Probably just poor quality hub cone races/axles/bearings. Or parts in differing stages of wear. If there is a significant difference between spots (e.g binding/ultra loose) after adjustment is made you could suspect a bent axle. As a further confirmation, both park and barnetts tell you to test for play while rotating the wheel into different spots and re-testing.

    Don't see much bent axles anymore since everything is 8/9/10 shimano/campy or 'proprietary' hub systems (e.g easton velomax, hed hubs, reynolds, dt swiss)
    Mes compaingnons cui j'amoie et cui j'aim,... Me di, chanson.

  13. #13
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    RD is new, as is the cable. Housing is old I believe. I'll try lubing the cable again...not sure why I didn't think of that before. I guess the next step after that would be to replace the housing. Some people tell me to replace the housing periodically. At my LBS they told me not to replace the housing unless I suspected it was causing a lot of friction.

  14. #14
    cab horn
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    Quote Originally Posted by chancho View Post
    RD is new, as is the cable. Housing is old I believe. I'll try lubing the cable again...not sure why I didn't think of that before. I guess the next step after that would be to replace the housing. Some people tell me to replace the housing periodically. At my LBS they told me not to replace the housing unless I suspected it was causing a lot of friction.
    Replacing a cable without replacing, at the very least the rear derailleur housing loop is a waste of time. Additionally a very good majority of mechanics cut the rear loop too short - it should enter the derailleur nearly flat, not at an excessive angle. For example the included section of housing on a shimano kit is usually too short.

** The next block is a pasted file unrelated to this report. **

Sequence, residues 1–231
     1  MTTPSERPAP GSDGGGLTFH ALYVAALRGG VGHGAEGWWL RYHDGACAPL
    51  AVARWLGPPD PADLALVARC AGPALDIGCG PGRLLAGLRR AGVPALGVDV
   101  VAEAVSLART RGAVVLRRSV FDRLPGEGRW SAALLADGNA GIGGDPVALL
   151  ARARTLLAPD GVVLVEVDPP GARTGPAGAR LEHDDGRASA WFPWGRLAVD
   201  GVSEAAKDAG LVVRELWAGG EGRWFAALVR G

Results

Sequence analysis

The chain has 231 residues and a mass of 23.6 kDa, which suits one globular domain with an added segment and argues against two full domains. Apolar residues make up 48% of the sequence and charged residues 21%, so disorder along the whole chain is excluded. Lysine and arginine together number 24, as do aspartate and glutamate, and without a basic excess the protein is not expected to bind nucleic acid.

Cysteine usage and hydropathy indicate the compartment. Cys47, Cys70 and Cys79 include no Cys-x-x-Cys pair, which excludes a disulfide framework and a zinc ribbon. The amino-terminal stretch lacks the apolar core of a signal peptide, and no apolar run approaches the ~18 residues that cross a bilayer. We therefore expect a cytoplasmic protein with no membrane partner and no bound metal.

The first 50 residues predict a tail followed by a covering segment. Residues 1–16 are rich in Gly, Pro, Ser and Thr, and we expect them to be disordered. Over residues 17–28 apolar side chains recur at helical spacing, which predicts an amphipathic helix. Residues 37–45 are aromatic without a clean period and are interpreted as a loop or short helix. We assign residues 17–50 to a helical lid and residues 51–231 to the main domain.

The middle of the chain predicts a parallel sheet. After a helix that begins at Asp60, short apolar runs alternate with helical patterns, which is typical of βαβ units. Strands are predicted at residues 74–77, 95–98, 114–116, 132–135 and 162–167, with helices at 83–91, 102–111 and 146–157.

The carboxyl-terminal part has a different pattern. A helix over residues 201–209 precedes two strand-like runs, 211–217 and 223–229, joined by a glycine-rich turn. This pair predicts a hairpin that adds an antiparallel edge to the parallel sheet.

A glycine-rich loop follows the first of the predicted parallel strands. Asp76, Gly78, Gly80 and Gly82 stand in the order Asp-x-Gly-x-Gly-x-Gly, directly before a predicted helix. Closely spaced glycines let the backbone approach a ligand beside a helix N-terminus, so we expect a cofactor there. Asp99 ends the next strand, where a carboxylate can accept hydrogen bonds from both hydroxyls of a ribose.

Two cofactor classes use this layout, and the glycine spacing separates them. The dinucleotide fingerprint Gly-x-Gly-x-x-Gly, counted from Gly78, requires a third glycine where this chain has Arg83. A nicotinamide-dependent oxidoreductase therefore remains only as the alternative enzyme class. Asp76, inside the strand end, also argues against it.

Sram road derailleurs exacerbate this by having a housing entry angle that requires a much longer section of housing than a standard shimano derailleur for example.

    Additionally, you may also want to check the hanger for alignment. This will cause all sorts of indexing problems that cannot be adjusted out. Extremely common on road bikes with replaceable derailleur hangers.
    Mes compaingnons cui j'amoie et cui j'aim,... Me di, chanson.

  15. #15
    Senior Member onbike 1939's Avatar
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    Quote Originally Posted by operator View Post
    Replacing a cable without replacing, at the very least the rear derailleur housing loop is a waste of time. Additionally a very good majority of mechanics cut the rear loop too short - it should enter the derailleur nearly flat, not at an excessive angle. For example the included section of housing on a shimano kit is usually too short.

    Sram road derailleurs exacerbate this by having a housing entry angle that requires a much longer section of housing than a standard shimano derailleur for example.

    Additionally, you may also want to check the hanger for alignment. This will cause all sorts of indexing problems that cannot be adjusted out. Extremely common on road bikes with replaceable derailleur hangers.


    I seem to be seeing a lot of these lately. The last one was said to have been new but was well out of plumb.